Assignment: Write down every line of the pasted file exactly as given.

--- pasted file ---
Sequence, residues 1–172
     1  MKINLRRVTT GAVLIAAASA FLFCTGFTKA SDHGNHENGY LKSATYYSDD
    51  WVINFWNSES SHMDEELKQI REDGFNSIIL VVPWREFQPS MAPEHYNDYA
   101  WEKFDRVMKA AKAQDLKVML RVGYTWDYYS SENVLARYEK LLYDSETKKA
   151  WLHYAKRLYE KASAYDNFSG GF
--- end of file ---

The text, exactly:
Sequence, residues 1–172
     1  MKINLRRVTT GAVLIAAASA FLFCTGFTKA SDHGNHENGY LKSATYYSDD
    51  WVINFWNSES SHMDEELKQI REDGFNSIIL VVPWREFQPS MAPEHYNDYA
   101  WEKFDRVMKA AKAQDLKVML RVGYTWDYYS SENVLARYEK LLYDSETKKA
   151  WLHYAKRLYE KASAYDNFSG GF